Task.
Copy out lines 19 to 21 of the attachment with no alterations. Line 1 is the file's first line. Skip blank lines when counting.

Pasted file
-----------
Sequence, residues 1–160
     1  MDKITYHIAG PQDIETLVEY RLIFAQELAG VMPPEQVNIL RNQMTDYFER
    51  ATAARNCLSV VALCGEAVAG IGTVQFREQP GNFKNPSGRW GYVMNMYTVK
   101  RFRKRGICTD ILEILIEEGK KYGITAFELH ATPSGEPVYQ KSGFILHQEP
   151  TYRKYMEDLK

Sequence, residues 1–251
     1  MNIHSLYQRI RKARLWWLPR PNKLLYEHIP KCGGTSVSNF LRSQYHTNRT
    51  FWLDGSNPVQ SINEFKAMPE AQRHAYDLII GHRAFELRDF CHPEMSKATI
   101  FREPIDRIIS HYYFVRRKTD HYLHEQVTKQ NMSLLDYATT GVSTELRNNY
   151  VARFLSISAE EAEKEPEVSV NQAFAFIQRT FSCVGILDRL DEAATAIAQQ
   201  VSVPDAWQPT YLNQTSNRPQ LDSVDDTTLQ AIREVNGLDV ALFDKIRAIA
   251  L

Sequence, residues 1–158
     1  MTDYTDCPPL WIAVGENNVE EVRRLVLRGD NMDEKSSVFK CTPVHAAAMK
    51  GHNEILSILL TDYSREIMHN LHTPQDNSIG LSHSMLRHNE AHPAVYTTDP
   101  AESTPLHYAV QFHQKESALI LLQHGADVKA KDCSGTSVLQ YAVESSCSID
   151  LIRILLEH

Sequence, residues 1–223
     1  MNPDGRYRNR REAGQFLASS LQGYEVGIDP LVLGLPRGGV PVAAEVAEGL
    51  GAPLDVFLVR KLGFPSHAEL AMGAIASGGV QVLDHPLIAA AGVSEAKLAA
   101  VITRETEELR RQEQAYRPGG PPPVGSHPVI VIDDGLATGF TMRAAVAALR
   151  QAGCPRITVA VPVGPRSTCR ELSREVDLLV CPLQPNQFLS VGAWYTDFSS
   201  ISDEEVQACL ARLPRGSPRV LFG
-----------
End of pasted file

     1  MNPDGRYRNR REAGQFLASS LQGYEVGIDP LVLGLPRGGV PVAAEVAEGL
    51  GAPLDVFLVR KLGFPSHAEL AMGAIASGGV QVLDHPLIAA AGVSEAKLAA
   101  VITRETEELR RQEQAYRPGG PPPVGSHPVI VIDDGLATGF TMRAAVAALR